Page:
Mike Pompeo, President Trump’s nominee for secretary of state. (Jahi Chikwendiu/The Washington Post)

Ben Cardin, a Democrat from Maryland, is a member of the Senate Foreign Relations Committee.

Do we need a confirmed secretary of state? Of course. Should the Senate confirm any nominee a president puts forward for consideration on that principle alone? Absolutely not.

With crises brewing from North Korea to Syria to Yemen to Venezuela, President Trump’s abrupt decision to fire Rex Tillerson looks like a bad idea. Despite the Republican Senate leadership’s attempts to conduct as little oversight as possible on many of Trump’s nominees, each one deserves careful scrutiny as we fulfill the constitutional requirement of “advice and consent.”

Many have pointed to CIA Director Mike Pompeo’s public service — in uniform, in Congress and in our intelligence service — as a qualification to serve as our nation’s top diplomat. I applaud that public service, too, but it is not enough to guarantee he is the right person to serve in the position for which he has been nominated.

Words matter. Beliefs matter. Policy positions matter. And Pompeo’s rhetoric and actions raise major concerns.

The secretary of state should be the loudest, holdout voice for international diplomacy, dialogue and negotiations in the Oval Office. Throughout his career, Pompeo has shown little preference for diplomacy and consistent support for militaristic interventions.

One of my main concerns about Pompeo is that he would not be an independent counselor to a president who needs to hear objective advice and debate, given the president’s ill-formed worldviews and problems with facts. Based on my review of the nominee’s record and his answers to questions during our meeting and in his confirmation hearing, I am very concerned about Pompeo’s willingness to stand up to the president and deliver a healthy counterpoint.

America needs to work with and lead our allies in pursuit of our shared national security interests and values. But Pompeo has demonstrated repeatedly that he is willing to back up the president’s go-it-alone approach to international affairs. Nowhere will that be more consequential than the Iran nuclear deal. Pompeo spoke out loudly against diplomacy, advocated launching up to “2,000 sorties to destroy the Iranian nuclear capacity” and supports the president’s eagerness to tear up the agreement. (That Iran has complied with the terms of the deal appears to be irrelevant.)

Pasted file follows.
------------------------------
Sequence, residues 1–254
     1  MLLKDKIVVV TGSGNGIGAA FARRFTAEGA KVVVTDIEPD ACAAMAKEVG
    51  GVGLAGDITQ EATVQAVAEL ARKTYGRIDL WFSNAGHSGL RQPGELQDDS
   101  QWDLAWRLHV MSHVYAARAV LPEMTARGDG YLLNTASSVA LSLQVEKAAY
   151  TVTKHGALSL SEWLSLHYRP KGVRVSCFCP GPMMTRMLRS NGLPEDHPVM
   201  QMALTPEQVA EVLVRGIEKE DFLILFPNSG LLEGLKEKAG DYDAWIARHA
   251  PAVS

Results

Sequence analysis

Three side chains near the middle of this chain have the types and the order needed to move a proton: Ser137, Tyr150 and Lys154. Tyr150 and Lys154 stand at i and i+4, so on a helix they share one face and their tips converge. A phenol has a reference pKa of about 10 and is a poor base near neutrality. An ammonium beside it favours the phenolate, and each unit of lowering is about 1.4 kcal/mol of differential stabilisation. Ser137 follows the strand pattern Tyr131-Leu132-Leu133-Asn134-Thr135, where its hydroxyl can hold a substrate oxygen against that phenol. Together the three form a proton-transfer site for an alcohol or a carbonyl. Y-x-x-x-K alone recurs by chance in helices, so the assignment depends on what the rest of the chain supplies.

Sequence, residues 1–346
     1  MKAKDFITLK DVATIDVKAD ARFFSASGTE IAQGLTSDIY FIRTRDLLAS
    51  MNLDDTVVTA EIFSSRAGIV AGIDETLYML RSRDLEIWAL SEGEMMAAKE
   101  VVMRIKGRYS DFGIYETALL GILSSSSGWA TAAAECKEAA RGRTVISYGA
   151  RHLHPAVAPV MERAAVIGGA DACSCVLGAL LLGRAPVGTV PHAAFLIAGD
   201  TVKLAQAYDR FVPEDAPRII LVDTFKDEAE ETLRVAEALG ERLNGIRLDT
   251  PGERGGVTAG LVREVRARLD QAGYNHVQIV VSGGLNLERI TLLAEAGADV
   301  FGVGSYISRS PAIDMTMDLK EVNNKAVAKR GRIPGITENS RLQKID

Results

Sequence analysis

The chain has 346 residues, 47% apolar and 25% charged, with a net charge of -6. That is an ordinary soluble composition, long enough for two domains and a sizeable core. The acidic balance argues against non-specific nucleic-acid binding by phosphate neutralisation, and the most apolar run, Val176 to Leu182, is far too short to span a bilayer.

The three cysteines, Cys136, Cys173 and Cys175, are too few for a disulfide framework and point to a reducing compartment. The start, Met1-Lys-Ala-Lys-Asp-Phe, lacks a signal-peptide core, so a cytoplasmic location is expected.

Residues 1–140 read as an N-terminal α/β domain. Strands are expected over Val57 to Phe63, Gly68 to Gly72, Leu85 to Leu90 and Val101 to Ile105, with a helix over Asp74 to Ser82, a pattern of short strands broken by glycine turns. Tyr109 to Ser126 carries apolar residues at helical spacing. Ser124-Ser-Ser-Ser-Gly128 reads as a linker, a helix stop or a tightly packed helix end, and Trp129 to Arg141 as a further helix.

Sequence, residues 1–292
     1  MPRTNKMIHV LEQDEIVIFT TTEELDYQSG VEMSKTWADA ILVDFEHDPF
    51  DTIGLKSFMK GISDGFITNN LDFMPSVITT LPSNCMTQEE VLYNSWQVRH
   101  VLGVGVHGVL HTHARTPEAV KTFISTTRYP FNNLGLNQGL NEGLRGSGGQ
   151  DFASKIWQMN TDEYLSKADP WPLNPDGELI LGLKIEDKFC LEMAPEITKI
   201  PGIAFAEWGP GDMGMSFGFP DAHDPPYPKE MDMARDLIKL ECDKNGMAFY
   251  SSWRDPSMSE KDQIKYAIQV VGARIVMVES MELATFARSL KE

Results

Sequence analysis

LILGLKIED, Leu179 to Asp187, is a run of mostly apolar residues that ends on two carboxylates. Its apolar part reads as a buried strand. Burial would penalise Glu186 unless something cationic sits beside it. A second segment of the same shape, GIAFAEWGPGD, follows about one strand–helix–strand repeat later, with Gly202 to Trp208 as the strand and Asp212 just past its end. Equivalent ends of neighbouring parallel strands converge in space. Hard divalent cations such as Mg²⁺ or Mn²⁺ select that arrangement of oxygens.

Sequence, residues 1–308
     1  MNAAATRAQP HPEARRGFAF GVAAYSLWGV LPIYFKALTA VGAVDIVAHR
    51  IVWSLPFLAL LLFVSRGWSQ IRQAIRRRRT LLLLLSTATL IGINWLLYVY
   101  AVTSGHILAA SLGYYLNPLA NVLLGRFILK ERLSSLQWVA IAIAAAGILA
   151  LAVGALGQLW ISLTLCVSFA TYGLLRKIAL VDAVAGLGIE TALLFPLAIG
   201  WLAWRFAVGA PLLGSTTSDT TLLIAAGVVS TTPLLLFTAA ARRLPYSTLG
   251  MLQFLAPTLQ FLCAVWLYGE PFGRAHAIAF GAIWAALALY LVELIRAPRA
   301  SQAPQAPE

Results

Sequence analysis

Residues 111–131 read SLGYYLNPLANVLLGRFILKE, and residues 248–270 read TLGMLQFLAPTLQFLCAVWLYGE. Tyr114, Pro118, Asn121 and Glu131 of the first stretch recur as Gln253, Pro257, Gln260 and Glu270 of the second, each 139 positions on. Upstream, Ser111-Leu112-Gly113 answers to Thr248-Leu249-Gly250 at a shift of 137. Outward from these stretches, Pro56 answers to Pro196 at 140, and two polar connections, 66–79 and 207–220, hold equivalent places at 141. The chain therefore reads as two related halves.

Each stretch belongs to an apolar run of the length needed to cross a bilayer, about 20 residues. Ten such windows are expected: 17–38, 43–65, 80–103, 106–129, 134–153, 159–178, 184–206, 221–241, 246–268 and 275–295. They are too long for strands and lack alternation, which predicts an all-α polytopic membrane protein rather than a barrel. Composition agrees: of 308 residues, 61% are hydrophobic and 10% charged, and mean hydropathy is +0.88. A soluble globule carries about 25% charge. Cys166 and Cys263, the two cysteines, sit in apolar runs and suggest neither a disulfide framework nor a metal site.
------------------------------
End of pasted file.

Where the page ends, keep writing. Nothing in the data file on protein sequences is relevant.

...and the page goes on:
America’s credibility is at stake. We must approach potential changes or add-on agreements to the nuclear deal with extreme care. Our allies will be essential partners in keeping Iran from ever becoming a nuclear weapons nation — an objective that is clearly important to our national security.

Pompeo also favors unilateral U.S. withdrawal from the Paris climate agreement. Pompeo’s stance will likely encourage Trump to ensure that the United States will soon become the only nation in the world not at the table discussing global efforts to combat climate change. The Paris accord decision may exemplify the president’s vision of “America first,” but this is one of the clearest signs yet that “America first” really means America alone.

It is also worth asking how Pompeo will represent our diverse country to the world. He has made false associations between American Muslims and terrorism, stating that perceived silence in condemning attacks “has made these Islamic leaders across America potentially complicit.” He has cited verbatim the following passage from a sermon castigating members of the LGBTQ community: “America had worshiped other gods and called it multiculturalism. We’d endorsed perversion and called it an alternative lifestyle.” Such damning statements are completely antithetical to American values and compromise Pompeo’s credibility in advancing global human rights — a principal objective of our foreign policy.

Our top diplomat needs to be the consistent champion of diplomacy and to be publicly, repeatedly underscoring that America best achieves its national security objectives through diplomacy — not by agitating and turning its back on its traditional allies. Our top diplomat needs to lead in America’s global engagement with countries around the world. Pompeo’s record gives little confidence he will be that person, and prioritizing military action before fulsome attempts at diplomacy are completely exhausted is a recipe for disaster.

In my view, Pompeo is not the right person to be secretary of state for the American people. I have reached that conclusion based on my policy priorities, my belief in the importance of diplomacy and my support for American values — not politics or partisanship, as some have ascribed to the Senate Foreign Relations Committee’s action. In fact, the committee works best when it conducts U.S. foreign policy in a bipartisan manner, recognizing Congress’s role as an independent and equal branch of government. While I held a leadership role on the committee, now, and even going back centuries, that role has served the American people and the world well. I know it will continue to do so.

But diplomacy matters. America’s smart power matters, and the international norms and values the United States helped create and must protect matter, too. That is why I regret I cannot support Pompeo’s nomination.